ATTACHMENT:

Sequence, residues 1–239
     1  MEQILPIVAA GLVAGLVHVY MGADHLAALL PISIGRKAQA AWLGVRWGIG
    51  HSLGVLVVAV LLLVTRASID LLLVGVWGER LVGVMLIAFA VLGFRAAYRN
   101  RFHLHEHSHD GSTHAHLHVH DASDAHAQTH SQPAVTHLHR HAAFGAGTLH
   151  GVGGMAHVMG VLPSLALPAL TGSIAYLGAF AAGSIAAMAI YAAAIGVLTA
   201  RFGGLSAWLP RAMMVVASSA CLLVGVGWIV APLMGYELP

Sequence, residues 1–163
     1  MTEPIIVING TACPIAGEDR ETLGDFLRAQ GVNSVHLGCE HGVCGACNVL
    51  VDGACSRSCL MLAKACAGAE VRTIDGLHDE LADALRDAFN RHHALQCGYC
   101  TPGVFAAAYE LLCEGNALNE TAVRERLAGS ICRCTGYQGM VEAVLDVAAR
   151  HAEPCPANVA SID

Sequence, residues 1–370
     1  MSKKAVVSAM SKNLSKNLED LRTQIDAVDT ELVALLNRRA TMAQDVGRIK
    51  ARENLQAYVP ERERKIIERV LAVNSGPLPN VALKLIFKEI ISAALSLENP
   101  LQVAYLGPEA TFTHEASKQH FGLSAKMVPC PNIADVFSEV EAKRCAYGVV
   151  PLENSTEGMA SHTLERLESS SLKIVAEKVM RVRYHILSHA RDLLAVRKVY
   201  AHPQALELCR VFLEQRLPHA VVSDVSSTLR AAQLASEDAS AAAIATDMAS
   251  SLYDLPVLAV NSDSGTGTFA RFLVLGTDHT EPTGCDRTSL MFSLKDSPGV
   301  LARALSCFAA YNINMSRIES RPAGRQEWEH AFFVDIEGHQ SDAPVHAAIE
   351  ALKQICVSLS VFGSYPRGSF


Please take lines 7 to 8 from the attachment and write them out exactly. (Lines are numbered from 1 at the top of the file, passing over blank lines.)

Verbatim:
Sequence, residues 1–163
     1  MTEPIIVING TACPIAGEDR ETLGDFLRAQ GVNSVHLGCE HGVCGACNVL